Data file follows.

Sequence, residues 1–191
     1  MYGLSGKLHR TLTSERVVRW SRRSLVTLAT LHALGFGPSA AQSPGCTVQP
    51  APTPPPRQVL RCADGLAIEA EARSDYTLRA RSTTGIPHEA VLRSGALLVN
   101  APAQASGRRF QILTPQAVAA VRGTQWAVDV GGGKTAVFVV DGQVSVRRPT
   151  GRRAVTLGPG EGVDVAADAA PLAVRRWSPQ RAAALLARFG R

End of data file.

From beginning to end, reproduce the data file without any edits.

Sequence, residues 1–191
     1  MYGLSGKLHR TLTSERVVRW SRRSLVTLAT LHALGFGPSA AQSPGCTVQP
    51  APTPPPRQVL RCADGLAIEA EARSDYTLRA RSTTGIPHEA VLRSGALLVN
   101  APAQASGRRF QILTPQAVAA VRGTQWAVDV GGGKTAVFVV DGQVSVRRPT
   151  GRRAVTLGPG EGVDVAADAA PLAVRRWSPQ RAAALLARFG R